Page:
Easing troubled minds: Compliance and sexual abuse in sports

John Martin
Associate Editor
Loyola University Chicago School of Law J.D. 2018

The Dr. Larry Nassar abuse scandal recently rocked the world of sports.  Dr. Nassar, in his role as athletic trainer for the USA Gymnastics team, is alleged to have abused over 250 girls and young women, though he has only admitted to ten of the accusations.  The resulting fallout has brought to light many issues in the world of amateur sports, unfortunately an issue that affects young adults and children.  In particular, the US Olympic Committee is now facing multiple lawsuits from athletes who were abused by Dr. Nassar.  Aly Raisman, the two time-Olympian who has become the face of Nassar’s victims, alleges that the Committee knew or should have known that Dr. Nasser was abusing her and other young girls.

Citing health reasons, Committee CEO Scott Blackmun resigned in February, though the move is widely considered to be in response to the Nassar scandal.  As the U.S. reels from the events, Congress has enacted on legislation that would strengthen reporting requirements and other protections for athletes.

Senate Bill 534

New legislation co-sponsored by Senator Diane Feinstein (D-CA) and signed into law by President Trump on February 14, 2018 will hopefully add teeth to existing protections for student athletes. Senate Bill 534, or the Protecting Young Victims from Sexual Abuse and Safe Sport Authorization Act of 2017 (the “Act”), has three prongs all of which are important for those who work in compliance for any entity with an athletic program.  The three focuses are: (1) expansion of reporting requirements, (2) extension of the statute of limitations, and (3) expansion of the roles and responsibilities of the U.S. Center for Safe Sport.

These prongs work together to set new standards of sexual assault prevention without exacerbating costs.  The aim is to allow everyone to focus on what truly matters: supporting student-athletes.

Three focuses examined

The first prong of the Act focuses on mandates reporting of any sexual abuse to local or federal law enforcement, or to a Justice Department-designated child-welfare agency within 24 hours.  This is important to preserve evidence and ensure events are investigated quickly and resolved.   One of the key issues that allowed Dr. Nassar to continue his heinous acts was that while many people, including adults, were aware of what he was doing, few opted to report it.

This part of the law can be boiled down to the concept of “See something, say something,”.  But a law can’t teach people to see nor can it teach people to understand what they’ve seen.  From a compliance viewpoint, any entity involved in the training and mentoring of athletes must work to understand future guidelines to develop programs to ensure safety.  Broadening sexual abuse awareness training will be necessary to teach people how to identify the signs of abuse, and strengthening a culture of reporting will help to ease troubled minds.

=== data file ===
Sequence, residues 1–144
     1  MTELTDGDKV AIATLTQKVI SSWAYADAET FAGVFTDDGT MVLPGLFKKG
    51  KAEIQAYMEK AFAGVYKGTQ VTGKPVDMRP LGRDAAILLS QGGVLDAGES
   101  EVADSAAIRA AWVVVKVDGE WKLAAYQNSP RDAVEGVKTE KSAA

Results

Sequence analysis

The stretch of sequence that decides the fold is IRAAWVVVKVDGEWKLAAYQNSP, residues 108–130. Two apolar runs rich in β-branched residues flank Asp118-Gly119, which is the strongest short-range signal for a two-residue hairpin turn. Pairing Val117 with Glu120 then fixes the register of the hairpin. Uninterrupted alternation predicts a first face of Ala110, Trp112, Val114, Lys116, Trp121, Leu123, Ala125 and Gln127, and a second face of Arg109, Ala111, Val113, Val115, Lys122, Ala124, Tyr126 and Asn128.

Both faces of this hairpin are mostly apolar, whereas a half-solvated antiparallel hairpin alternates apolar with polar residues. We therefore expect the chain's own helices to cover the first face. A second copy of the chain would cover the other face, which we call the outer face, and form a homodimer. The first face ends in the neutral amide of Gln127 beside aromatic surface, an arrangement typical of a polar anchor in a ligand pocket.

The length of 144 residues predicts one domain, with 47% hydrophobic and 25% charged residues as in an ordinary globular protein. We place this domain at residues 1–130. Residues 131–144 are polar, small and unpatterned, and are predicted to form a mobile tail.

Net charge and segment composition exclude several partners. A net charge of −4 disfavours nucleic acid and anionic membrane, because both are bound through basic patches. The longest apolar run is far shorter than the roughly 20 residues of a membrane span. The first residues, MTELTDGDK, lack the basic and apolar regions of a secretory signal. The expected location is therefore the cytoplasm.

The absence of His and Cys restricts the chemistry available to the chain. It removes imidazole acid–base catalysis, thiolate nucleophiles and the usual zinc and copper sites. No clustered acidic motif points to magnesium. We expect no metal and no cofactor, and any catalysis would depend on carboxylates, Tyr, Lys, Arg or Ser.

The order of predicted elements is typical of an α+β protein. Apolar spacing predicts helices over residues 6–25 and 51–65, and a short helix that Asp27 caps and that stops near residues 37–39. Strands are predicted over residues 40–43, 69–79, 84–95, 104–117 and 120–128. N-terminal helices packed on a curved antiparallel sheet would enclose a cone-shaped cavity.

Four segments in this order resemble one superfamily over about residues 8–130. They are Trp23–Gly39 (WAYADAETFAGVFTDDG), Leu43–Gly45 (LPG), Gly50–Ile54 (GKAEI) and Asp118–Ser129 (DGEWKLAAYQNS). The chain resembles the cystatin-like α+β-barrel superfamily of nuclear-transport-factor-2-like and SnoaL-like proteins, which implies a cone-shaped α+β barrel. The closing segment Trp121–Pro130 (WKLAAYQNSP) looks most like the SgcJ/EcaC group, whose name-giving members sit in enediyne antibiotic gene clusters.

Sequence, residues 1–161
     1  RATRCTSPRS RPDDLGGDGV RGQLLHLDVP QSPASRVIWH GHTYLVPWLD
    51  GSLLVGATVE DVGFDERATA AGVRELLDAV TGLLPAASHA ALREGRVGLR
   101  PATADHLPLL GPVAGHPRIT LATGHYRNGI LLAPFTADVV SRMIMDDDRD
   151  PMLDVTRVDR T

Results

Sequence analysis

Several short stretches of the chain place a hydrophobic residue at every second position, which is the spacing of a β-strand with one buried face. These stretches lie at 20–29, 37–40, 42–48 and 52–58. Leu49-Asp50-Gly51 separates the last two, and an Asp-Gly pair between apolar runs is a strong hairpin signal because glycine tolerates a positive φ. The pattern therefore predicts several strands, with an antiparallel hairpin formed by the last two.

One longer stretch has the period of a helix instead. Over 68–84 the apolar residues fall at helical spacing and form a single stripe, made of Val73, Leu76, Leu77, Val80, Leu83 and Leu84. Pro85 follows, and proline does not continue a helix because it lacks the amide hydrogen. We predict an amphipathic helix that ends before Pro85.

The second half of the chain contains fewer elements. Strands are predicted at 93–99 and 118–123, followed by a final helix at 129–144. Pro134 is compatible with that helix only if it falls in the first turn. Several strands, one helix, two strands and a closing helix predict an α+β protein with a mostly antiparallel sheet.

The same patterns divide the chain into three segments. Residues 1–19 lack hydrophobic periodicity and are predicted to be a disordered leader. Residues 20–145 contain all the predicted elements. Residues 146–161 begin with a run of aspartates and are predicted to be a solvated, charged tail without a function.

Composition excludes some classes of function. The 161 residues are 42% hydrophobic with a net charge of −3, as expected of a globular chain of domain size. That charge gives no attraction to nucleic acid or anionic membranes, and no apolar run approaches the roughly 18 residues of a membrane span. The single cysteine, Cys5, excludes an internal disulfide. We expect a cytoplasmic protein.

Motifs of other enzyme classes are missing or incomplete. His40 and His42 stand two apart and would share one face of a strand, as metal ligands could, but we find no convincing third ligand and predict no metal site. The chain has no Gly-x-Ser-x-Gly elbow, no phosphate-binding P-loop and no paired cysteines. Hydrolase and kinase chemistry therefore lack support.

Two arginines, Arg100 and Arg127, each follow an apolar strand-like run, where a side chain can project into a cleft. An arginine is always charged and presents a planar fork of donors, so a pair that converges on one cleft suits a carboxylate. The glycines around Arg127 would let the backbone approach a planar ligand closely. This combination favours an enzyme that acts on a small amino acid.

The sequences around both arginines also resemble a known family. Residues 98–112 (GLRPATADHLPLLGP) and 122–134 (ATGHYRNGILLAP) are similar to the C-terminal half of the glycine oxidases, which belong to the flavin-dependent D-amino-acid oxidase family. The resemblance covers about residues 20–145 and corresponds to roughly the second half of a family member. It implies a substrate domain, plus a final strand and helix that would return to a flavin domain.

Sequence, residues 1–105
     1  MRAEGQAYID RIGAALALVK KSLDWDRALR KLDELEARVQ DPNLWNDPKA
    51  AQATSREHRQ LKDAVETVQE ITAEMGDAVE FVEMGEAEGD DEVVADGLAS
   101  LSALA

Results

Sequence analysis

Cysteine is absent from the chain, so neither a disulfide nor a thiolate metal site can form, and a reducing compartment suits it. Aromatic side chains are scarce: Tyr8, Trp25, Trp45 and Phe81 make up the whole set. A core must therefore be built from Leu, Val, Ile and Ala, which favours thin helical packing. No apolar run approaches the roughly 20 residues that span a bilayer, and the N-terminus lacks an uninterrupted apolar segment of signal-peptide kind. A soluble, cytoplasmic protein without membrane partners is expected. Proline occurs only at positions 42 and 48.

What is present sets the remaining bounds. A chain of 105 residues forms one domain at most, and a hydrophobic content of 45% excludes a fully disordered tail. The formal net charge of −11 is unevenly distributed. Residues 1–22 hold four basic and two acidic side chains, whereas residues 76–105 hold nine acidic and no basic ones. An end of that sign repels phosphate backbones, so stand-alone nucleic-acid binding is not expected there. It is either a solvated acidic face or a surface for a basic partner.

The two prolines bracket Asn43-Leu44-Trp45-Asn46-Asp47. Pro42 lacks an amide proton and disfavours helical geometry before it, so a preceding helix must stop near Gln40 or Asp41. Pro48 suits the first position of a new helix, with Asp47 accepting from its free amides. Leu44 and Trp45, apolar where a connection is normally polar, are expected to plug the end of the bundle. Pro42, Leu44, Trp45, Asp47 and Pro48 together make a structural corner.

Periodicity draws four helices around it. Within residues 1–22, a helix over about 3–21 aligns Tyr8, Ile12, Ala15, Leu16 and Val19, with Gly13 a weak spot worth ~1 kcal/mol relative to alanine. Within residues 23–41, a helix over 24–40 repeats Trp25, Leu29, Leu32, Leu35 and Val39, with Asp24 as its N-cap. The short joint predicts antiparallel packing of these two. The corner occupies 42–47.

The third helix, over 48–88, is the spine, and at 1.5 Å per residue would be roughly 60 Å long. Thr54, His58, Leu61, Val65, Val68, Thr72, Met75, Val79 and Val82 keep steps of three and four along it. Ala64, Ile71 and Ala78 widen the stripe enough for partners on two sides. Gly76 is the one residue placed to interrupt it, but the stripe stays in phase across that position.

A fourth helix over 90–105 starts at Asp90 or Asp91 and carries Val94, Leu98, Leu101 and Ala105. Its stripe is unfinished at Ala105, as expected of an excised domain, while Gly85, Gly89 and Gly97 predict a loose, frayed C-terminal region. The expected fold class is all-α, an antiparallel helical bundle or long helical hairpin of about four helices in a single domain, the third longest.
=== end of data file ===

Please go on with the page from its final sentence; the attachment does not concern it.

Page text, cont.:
The second prong of the Act extends the statute of limitations for civil actions against abusers to 10 years after a victim realizes they were abused.  Victims of Dr. Nassar were minors at the time of the crime, and as such, some did not realize they were in fact abused.  Extending the statute of limitations is smart, as it recognizes this potential difficulty for the victim.

Looking at this from a compliance perspective for a moment, this opens up a larger window for lawsuits against companies or institutions that employ or employed abusers.  As noted above, there are lawsuits pending against the Olympic Committee for not knowing or not having done anything about Dr. Nassar’s actions. As an officer of the company or an agent of the institution, whatever program the compliance officer chooses to implement going forward must be strong in order to reduce the entity’s liability.

Third, the Act expands the U.S. Center for Safe Sport, directing the institution to “develop policies and procedures to resolve allegations of sexual abuse within its jurisdiction[.]”  Also the law expands the Center’s jurisdiction, putting it as the head organization in the country to tackle these issues.  The Center, launched last year, has already had over 500 reports concerning instances of abuse, more than one per day.  The Center is now the vanguard for guidelines on how to craft policies and programs to protect our athletes.  Participation in the Center is mandatory for continued membership in the U.S. Olympic Network.   On March 21, 2018, the Center published 4 different guidance documents for athletic programs to utilize.

In the end…

The fact that Dr. Nassar was able to inflict such pain on so many victims is a horrific tragedy.  By enacting this law, Congress has shown that as a country we are going to take a stand against these actions and those who would perpetrate these crimes.  Any organization that works to shape and mold our athletes must review their compliance programs and see where they can improve them, using the U.S. Center for Safe Sport’s current and future guidelines as a model.  This is a sorely needed boost to protecting our athletes, and we can only hope that it will help ensure the safety and security of student-athletes everywhere.

 

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